The following statement is attributable to:
Sandra Adamson Fryhofer, M.D.
Immediate Past Board Chair, American Medical Association
“Becoming sick from respiratory viruses such as flu, respiratory syncytial virus (RSV), and COVID-19 is common, especially during the fall and winter. With COVID-19 hospital admissions increasing, we welcome today’s recommendations by the Advisory Committee on Immunization Practices (ACIP) supporting a universal recommendation for the 2023-2024 COVID-19, XBB.1.5 containing vaccine.
“ACIP’s recommendations, following the U.S. Food and Drug Administration’s (FDA) approval on Monday for those 12 and older and authorization for those 6 months to 11 years of age, will allow individuals 6 months of age and older to receive an updated 2023-2024 COVID-19 vaccine dose of a Pfizer or Moderna mRNA vaccine. This recommendation replaces previous bivalent booster dose recommendations.
“Given that COVID-19 infections, hospitalizations, and deaths continue to impact the U.S. population and an increase in infections is expected this fall and winter, the updated COVID-19 vaccines increase the immune response against the currently circulating variants and are projected to prevent about 400,000 hospitalizations and 40,000 deaths over the next 2 years.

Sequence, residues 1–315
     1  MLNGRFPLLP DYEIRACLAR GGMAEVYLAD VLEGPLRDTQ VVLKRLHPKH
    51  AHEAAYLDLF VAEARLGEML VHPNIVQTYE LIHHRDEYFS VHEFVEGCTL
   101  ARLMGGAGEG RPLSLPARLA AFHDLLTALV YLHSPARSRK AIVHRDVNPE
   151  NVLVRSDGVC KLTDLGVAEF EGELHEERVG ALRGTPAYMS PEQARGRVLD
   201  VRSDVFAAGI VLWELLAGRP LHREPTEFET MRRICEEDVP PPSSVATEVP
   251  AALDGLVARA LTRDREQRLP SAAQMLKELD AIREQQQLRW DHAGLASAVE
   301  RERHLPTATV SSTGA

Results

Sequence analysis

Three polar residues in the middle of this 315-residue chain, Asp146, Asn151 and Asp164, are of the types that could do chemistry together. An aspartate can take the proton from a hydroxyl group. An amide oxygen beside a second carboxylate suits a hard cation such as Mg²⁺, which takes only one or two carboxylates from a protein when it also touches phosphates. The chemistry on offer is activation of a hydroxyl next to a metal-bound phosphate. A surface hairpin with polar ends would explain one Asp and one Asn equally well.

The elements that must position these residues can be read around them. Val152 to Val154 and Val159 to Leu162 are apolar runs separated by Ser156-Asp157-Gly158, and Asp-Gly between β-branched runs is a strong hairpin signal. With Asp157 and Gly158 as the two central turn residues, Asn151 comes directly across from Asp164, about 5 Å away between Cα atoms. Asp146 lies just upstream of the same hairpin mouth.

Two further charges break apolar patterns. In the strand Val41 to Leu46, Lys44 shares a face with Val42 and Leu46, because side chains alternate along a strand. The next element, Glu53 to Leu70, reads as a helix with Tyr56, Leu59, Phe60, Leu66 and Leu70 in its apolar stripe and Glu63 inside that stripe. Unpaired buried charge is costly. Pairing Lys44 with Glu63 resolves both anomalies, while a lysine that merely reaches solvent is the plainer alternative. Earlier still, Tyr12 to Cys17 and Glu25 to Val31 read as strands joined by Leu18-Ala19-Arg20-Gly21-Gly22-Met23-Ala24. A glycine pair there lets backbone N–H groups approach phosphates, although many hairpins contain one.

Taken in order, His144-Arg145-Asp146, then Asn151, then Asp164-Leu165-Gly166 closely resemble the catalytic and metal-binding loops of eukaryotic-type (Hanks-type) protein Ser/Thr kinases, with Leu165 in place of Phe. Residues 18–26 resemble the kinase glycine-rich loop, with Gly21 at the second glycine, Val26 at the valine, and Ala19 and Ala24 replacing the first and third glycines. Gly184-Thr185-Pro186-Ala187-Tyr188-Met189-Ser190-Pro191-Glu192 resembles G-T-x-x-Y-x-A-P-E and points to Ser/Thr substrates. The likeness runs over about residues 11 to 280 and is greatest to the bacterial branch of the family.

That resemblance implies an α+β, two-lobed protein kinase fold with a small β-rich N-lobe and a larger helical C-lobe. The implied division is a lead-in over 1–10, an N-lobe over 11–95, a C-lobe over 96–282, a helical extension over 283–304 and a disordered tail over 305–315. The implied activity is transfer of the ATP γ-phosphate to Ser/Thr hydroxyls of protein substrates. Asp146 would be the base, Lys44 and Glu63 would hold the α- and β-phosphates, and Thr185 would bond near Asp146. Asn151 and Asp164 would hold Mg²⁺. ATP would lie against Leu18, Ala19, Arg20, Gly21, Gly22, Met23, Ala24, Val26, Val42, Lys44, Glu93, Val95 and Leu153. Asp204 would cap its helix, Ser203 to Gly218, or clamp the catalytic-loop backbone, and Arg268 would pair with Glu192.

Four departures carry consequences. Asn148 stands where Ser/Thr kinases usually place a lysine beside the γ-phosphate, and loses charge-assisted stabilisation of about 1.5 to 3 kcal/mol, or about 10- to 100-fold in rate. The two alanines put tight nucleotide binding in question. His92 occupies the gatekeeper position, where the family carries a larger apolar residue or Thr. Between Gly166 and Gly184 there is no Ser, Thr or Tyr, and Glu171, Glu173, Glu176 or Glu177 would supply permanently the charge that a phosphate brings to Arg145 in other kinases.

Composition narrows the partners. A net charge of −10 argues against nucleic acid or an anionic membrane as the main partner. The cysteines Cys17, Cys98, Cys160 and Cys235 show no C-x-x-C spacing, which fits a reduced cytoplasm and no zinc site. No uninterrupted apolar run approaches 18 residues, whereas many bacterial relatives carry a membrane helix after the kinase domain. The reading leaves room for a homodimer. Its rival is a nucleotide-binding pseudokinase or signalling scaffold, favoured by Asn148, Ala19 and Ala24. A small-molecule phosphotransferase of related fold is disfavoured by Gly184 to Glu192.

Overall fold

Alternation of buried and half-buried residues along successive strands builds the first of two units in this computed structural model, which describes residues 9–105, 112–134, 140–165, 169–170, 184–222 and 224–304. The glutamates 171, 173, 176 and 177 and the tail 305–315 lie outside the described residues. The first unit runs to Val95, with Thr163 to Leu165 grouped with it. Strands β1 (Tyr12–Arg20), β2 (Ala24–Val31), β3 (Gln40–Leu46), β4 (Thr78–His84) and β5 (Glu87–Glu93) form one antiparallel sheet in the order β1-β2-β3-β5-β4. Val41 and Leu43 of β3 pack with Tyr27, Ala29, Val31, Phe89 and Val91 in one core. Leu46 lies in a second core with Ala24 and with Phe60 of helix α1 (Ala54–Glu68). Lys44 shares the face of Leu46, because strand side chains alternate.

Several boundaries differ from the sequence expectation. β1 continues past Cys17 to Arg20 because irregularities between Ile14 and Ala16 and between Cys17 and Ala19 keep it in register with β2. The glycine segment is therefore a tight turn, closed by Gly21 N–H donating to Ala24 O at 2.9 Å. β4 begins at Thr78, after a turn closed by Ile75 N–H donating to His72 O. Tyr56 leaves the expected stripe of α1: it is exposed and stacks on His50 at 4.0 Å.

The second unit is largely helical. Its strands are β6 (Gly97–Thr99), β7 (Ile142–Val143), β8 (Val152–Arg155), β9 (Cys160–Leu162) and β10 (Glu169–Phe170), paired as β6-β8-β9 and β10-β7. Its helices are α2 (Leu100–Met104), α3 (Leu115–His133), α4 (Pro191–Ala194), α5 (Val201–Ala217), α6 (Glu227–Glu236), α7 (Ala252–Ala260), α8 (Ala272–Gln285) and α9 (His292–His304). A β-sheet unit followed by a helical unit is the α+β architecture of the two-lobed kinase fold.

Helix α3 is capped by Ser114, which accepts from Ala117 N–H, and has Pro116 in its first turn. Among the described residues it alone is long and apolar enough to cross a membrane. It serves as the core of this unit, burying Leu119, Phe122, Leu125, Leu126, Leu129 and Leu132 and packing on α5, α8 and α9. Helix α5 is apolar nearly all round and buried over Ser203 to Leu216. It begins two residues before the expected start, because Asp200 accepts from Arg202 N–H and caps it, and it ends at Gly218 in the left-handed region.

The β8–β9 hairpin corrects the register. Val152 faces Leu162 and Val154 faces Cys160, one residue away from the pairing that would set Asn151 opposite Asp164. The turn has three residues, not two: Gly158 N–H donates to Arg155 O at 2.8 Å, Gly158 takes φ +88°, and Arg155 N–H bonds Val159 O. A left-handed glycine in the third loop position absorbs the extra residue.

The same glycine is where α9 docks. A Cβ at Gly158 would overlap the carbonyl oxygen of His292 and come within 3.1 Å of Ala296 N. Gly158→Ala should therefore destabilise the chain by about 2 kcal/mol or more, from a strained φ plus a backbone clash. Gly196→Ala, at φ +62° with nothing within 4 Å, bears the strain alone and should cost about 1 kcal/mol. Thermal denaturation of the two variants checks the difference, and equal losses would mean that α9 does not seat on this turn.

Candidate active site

“We continue to strongly urge everyone to stay up-to-date on their COVID-19, influenza, and RSV vaccines to protect themselves and their loved ones from severe complications, hospitalization, and death. This is the first respiratory virus season where we have vaccines against the biggest respiratory virus threats, including an updated COVID-19 vaccine, an annual flu vaccine, RSV vaccines for older adults, as well as a long-acting monoclonal antibody for infants that reduces the risk of both hospitalizations and health care visits for RSV. Anyone with questions about vaccines should speak with their physician. Patients can find a COVID-19 vaccine or flu vaccine by visiting www.vaccines.gov. We will continue to support evidence-based vaccines and treatments to help prevent severe disease and protect public health.”
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About the American Medical Association
The American Medical Association is the physicians’ powerful ally in patient care. As the only medical association that convenes 190+ state and specialty medical societies and other critical stakeholders, the AMA represents physicians with a unified voice to all key players in health care. The AMA leverages its strength by removing the obstacles that interfere with patient care, leading the charge to prevent chronic disease and confront public health crises and, driving the future of medicine to tackle the biggest challenges in health care.